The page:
It may be a snowy winter. My idea of "hunkering down" in the dark months would be snuggled up to the old dictum: Food as Medicine.
Rather than the Here we come a-harming... of the likes of fauxchi and billygoatsgates.
P.S. As an experiment, I've poured the morning tea over a cup with organic Golden Milk powder (turmeric, chai spices, coconut milk, etc.). It's quite good.
To source organic ingredients:
Little Boy Refused to be a Girl
5 October 2020
Parents may plan on a particular gender for their in-utero mystery. Ooops, surprise! What then? Some step over the edge into bizarro-land..
Couple generations ago, my grandmother was growing up in a little Texas town. Small towns tend to tolerate eccentrics, and the town had a few!... A prissy spinster lady astonished all and sundry by consenting to marry, an astonishing loss of control on her part. Even more stunning, she entered into the messy business of conception and birthed a late life baby boy.
Among her many absolute dislikes, she loathed the inelegance of nicknames. Her boy grew up rough and tumble, partly vectored into robust maleness by his Christening. This was still the era of Little Boy Blue velvet outfits with lace collars. She, honest to God, named that child, "Mine Heart's Delight." Certain that she had fended off any name-crudity.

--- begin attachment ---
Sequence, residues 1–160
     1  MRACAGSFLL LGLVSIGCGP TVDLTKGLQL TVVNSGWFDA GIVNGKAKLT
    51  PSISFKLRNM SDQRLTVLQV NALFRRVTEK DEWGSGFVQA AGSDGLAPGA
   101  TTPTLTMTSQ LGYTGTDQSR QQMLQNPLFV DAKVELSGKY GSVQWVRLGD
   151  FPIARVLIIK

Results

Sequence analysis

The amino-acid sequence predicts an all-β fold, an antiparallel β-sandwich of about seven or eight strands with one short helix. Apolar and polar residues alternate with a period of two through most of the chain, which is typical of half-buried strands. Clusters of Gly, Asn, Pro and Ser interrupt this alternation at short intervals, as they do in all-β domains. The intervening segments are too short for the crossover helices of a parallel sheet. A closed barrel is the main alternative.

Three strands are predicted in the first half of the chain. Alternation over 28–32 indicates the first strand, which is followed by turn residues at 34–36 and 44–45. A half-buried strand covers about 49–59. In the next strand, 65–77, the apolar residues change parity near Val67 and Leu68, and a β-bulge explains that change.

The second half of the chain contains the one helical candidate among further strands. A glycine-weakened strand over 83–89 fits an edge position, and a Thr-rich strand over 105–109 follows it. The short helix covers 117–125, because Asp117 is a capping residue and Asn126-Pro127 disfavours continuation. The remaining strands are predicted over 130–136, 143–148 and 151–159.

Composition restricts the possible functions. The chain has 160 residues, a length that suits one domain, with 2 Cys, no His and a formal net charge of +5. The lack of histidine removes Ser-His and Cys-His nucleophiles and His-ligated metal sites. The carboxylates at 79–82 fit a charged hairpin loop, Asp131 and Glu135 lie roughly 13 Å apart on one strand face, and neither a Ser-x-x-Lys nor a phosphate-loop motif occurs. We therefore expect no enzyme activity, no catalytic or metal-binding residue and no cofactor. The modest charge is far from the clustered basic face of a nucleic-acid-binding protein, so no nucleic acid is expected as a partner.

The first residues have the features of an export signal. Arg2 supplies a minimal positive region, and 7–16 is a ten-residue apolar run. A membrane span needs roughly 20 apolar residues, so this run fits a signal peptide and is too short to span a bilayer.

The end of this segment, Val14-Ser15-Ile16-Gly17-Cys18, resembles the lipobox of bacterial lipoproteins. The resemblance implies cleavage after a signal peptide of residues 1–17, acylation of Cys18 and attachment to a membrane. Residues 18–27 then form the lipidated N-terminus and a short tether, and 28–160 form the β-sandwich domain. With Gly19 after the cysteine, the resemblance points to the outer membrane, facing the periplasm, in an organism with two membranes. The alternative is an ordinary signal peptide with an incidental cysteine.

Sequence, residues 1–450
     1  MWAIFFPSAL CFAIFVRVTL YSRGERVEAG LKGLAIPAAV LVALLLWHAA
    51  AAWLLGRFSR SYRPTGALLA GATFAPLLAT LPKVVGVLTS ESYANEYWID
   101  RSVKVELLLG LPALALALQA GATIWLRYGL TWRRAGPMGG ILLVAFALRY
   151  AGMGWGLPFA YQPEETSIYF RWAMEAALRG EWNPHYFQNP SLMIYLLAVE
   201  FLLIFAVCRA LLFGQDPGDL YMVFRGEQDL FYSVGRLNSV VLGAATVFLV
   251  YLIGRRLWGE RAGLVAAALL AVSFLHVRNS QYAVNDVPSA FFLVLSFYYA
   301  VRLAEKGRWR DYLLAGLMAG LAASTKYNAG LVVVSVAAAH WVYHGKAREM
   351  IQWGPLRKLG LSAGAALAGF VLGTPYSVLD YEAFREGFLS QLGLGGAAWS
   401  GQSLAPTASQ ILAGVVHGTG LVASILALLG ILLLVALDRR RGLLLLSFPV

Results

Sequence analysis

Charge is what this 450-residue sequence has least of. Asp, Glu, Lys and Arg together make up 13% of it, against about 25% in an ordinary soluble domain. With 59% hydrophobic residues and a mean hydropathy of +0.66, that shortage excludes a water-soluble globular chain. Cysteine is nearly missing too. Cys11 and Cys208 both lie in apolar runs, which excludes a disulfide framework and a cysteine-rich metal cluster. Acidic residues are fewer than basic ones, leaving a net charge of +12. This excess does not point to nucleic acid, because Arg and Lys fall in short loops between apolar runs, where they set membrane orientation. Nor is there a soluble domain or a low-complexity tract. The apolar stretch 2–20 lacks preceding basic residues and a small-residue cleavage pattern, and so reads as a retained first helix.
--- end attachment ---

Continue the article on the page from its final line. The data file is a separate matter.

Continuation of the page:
Did his peers snicker? You bet, till he bloodied noses and wrestled his tormentors into the dust. He wore bib overalls with dirty knees and tore his clothes climbing oaks and hackberry trees, and thrashing through thickets with his buddies.His all but inevitble nickname? That would be, "Gizzard."
His mother was limited to an attempt at girlifying a little boy with ruffles and expectations. In today's iteration, parents can launch hormone therapy and sex-reassignment surgery. I know one such instance, a much-loved girl, very gifted, who got squirrely after her dad walked out on the family.
She careened around a bit; had a life-threatening surgery, and emerged in her late teens deciding she'd be happier as a boy. She moved away; had her breasts removed, and testosterone began producing a beard. I have no idea the details of the lower genitalia reconstruction.
And yes, I love her/him still. Each to his own bad taste. But it gets creepier as time goes on. Study in Sweden, where transgenderism is welcomed, suggests a 20-fold increase in suicide for long-term irreversible sex-change. As an aside, infertility is a probable collateral damage. Not an issue among pop-reduction quarters.